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Tories received £10,000 from secretive dining society

The Conservatives have received £10,000 from the United & Cecil Club (U&C), a secretive dining society which allows people to make donations to candidates and parties without revealing their identity.

Electoral Commission figures reveal the U&C gave £445,000 during the 2017 general election via donations to local associations, and £10,000 to the central party in the 2019 general election.

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The Register of Members’ Interests, published by the House of Commons, reveals one local candidate donation in the lead-up to the 2019 election, £2,500 for Maggie Throup, MP for Erewash. The register was last updated on 5th November 2019.

Throup’s entry also reveals a link between the U&C and the “Abbat [sic] Group”. Further analysis of the Register of Members’ Interests suggests that the Abbatt Group is a recruitment agency specialising in property.

Furthermore, the Register of Members’ Interests reveals the current chairman of the U&C is Tom Pursglove MP, who has held the position since 1st October 2019. Its prior chairman appears to have been Wendy Morton MP, while – in July 2017 – it was revealed that Simon Hart MP was the chairman of the club, when he was appointed to the Committee on Standards in Public Life.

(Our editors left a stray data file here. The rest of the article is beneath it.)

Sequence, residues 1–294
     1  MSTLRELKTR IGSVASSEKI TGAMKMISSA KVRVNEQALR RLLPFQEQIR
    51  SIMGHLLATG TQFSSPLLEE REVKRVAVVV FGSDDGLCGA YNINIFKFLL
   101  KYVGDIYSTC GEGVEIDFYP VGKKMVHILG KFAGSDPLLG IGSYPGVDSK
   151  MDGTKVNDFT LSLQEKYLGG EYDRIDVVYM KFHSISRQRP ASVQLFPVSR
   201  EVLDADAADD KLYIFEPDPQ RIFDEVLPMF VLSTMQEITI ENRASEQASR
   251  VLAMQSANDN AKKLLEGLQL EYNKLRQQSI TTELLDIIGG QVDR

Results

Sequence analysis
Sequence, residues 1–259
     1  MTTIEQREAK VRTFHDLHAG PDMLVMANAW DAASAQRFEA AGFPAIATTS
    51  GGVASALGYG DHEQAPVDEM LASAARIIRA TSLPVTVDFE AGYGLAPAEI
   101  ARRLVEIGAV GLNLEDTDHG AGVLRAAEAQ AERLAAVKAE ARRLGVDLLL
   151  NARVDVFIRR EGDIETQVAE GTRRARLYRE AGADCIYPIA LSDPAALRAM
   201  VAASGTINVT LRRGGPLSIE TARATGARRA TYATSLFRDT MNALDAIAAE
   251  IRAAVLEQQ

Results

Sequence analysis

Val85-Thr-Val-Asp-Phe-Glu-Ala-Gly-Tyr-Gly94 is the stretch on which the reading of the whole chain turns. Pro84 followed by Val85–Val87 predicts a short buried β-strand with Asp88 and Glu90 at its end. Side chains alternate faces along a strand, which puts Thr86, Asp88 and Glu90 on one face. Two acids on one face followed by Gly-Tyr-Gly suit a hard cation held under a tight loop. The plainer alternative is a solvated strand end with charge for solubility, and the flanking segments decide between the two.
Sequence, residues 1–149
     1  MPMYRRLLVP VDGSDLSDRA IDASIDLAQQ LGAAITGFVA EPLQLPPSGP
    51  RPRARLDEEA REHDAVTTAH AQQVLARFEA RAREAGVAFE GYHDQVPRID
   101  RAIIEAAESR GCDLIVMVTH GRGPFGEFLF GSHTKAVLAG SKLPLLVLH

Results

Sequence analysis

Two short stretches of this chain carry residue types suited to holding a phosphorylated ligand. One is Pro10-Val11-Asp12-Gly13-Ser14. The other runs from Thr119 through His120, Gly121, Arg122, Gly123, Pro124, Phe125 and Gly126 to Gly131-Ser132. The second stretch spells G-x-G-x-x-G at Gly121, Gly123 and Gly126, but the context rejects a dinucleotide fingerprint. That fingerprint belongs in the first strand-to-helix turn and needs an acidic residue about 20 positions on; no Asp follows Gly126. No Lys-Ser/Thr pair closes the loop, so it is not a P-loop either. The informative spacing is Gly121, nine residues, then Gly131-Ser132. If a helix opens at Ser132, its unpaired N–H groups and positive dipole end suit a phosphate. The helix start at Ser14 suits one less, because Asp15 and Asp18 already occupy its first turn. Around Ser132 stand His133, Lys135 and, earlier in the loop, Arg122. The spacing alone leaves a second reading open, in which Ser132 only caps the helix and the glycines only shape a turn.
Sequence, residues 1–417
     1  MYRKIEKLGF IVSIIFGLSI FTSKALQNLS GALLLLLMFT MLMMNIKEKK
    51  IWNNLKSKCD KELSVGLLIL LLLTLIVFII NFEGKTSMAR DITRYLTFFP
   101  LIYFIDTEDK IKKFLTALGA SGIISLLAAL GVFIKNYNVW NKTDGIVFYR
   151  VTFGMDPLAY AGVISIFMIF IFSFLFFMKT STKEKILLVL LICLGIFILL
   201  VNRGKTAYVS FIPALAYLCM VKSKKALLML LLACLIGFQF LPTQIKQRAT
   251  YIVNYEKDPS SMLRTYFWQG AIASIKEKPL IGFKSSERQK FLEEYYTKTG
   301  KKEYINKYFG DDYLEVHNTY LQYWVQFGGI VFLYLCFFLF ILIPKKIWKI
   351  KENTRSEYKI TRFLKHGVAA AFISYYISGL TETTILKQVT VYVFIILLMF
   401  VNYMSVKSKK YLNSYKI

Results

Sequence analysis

The Committee advises the Prime Minister on ethical standards, and one of its principles is that of openness – a quality noticeably absent from the structure of the U&C.

The U&C received extensive press coverage in 2014 when its role in directing cash at key marginals was revealed by The Bureau of Investigative Journalism (TBIJ). The U&C continues to gives sums to Conservative candidates in marginal constituencies.

By giving via the U&C, an unincorporated association, individuals can donate more than would normally be permitted, without revealing their identity.

A recent investigation by OpenDemocracy into the elite Tory fundraising machine said that “members pay dues of £100 into its political fund, which fall below the legal threshold for mandatory declaration of donations to the Electoral Commission – so it is impossible to know who all of its donors are, especially as the club is famously secretive as to its membership list. (Its chairman said it had 400 members in 2007.)

Guest speakers at the U&C have included James Cleverly, then a junior Brexit minister, and Jacob Rees-Mogg while he was a backbench MP.

Not elitist at all.


Other donors of note in the latest release by the Electoral Commission include:

  • £50,000 from Tim Martin of Wetherspoon, who was £44 million richer following the Tory landslide victory.
  • £30,000 from Philip Meeson, executive chairman of low-cost airline Jet2.
  • £20,000 from Annabel Goldsmith, mother of Zac Goldsmith and namesake of the exclusive London nightclub Annabel’s.

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